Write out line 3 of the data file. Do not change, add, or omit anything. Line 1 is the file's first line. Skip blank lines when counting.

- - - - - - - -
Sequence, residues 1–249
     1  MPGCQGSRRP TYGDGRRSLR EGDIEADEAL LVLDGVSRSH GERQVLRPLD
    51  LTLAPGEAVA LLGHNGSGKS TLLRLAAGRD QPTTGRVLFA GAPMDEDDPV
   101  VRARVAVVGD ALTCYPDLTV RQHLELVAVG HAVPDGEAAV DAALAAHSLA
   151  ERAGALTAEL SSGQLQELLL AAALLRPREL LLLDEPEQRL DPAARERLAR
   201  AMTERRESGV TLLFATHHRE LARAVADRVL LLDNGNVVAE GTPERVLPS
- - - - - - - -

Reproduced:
    51  LTLAPGEAVA LLGHNGSGKS TLLRLAAGRD QPTTGRVLFA GAPMDEDDPV